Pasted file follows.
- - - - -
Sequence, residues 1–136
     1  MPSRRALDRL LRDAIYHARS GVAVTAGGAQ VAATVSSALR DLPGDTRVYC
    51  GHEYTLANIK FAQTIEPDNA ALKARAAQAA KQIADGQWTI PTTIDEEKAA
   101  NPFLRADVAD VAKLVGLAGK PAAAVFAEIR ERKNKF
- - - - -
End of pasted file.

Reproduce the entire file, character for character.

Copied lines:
Sequence, residues 1–136
     1  MPSRRALDRL LRDAIYHARS GVAVTAGGAQ VAATVSSALR DLPGDTRVYC
    51  GHEYTLANIK FAQTIEPDNA ALKARAAQAA KQIADGQWTI PTTIDEEKAA
   101  NPFLRADVAD VAKLVGLAGK PAAAVFAEIR ERKNKF